The witness said he saw defendant Luckey in a lineup at a police station on February 16, 1966. He noticed that Luckey was wearing a style of shoes that was sold in the store. The witness stated that when Luckey entered the store on February 14, 1966, he was wearing brown shoes but later he was wearing a pair of Stacey brand shoes which Carter had been showing Luckey in the shoe department. The witness stated he saw Hannah in the police station on February 19, 1966. He had never seen either defendant prior to the robbery.

On cross-examination, the witness explained that the store sold many different brands of shoes besides the brand defendant Luckey was wearing. Rodriguez said that the store was busy before and at the time of the robbery. His description of Hannah was that he was wearing a three-quarter length dark coat with a persian lamb hat which the witness described as a "Prussian cap" that was greenish in color. The only thing that Rodriguez could recall about defendant Luckey was that he was wearing a hat and the testimony concerning his shoes. The witness described the store as being about 60 feet square with the cash register approximately in the middle. He stated that he was too distant from the shoe store to hear any conversation between Luckey and the helper Carter.

The witness did not recall the description he gave to the police on the date of the robbery. On the 16th of February he was picked up by a police officer and taken to a station at 8:00 o'clock in the evening. At the station he was shown four or five men in a lineup from which he picked out the defendant Luckey. The only thing the witness recalled of the clothes Luckey was wearing was a pair of Stacey brand shoes, which were noticed because someone asked the defendant what type of shoes he was wearing. The identification of Hannah was at a police station on February 19, but the witness could not recall what type of clothing Hannah was wearing on that date. Rodriguez could not remember whether he had testified to the grand jury that the defendants had a shotgun at the time of the robbery.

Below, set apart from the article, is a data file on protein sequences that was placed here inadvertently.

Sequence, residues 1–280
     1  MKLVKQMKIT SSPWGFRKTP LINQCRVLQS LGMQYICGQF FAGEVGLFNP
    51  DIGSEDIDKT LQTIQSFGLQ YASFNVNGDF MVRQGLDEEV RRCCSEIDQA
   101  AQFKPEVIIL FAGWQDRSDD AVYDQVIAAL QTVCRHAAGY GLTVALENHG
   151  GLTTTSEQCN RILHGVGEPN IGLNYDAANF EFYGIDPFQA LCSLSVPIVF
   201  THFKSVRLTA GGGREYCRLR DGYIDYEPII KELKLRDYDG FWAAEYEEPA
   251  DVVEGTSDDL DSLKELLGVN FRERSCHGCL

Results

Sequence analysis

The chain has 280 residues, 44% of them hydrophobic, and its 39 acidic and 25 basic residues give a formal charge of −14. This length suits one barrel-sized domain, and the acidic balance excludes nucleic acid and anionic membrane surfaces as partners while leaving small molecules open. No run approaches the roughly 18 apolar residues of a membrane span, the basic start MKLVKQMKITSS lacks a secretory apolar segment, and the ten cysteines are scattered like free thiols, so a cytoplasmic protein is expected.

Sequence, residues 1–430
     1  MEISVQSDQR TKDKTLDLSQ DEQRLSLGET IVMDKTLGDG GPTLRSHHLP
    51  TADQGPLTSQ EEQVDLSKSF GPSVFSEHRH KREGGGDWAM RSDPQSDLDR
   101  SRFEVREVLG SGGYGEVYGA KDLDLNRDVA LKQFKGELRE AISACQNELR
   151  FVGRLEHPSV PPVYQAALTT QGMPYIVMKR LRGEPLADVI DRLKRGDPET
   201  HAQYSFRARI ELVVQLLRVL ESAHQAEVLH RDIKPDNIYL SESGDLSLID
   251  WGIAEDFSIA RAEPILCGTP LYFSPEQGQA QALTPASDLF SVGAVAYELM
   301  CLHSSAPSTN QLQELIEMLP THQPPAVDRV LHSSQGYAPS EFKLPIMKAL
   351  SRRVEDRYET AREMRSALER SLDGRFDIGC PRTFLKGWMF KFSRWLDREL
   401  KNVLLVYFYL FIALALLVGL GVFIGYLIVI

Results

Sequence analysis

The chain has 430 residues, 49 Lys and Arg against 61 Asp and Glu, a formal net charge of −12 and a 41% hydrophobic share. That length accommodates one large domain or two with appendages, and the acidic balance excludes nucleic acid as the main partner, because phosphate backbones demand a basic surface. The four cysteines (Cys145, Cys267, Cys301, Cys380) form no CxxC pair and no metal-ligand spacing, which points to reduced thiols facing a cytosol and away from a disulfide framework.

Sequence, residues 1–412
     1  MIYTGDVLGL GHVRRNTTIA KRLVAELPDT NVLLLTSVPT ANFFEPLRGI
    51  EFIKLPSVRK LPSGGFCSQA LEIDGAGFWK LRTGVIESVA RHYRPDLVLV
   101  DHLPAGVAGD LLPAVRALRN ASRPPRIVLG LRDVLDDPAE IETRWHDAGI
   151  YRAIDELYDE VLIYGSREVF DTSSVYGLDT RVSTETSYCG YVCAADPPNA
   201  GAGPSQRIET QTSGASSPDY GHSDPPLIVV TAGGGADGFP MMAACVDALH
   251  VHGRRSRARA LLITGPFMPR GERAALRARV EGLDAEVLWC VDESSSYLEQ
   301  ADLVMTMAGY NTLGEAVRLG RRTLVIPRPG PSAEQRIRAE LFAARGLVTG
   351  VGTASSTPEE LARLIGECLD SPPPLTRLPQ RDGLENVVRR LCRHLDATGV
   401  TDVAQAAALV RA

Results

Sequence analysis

The State called Eugene Carter, the helper in the store, who testified that the defendants walked into the store shortly after 3:00 o'clock on the afternoon of February 14, 1966, and were looking at merchandise. The defendant Luckey asked to see some shoes and Hannah left the store after looking at other merchandise. Defendant Hannah then reappeared in a few seconds and was walking around the store. Carter showed Hannah where the washroom was after the latter had requested directions. Carter stated that Luckey had tried on a pair of black Stacey shoes, size 10 1/2, while carrying his brown shoes. Carter then noticed that Hannah was standing behind Rodriguez who was at the cash register of the store. The witness said Hannah was holding a shotgun, which he described as sawed-off, single barrel, twelve gauge shotgun. Carter was about five or six feet from the cash register. Luckey moved over to the cash register and Hannah passed the gun to him. Luckey pointed the weapon at Carter and took the witness and Rodriguez to the washroom where they were told to lie down by Luckey. Carter's last glimpse of Hannah was of going behind the cash drawer and then walking toward the front of the store. The witness said that Luckey came back to the washroom three or more times, warning the witness and Rodriguez if they moved, he would shoot them. After about 10 or 15 minutes in the washroom, a part-time worker, Robert Carr, opened the washroom door.

Carter stated further that he had never seen either defendant prior to the robbery. He subsequently viewed these men at the police lineups where he identified them as the two men who committed the robbery. Carter said he picked out defendant Luckey at a police station on February 16, at a lineup consisting of five negro males. Carter said someone asked Luckey what type of shoes he was wearing and defendant replied they were a Stacey brand. A few ...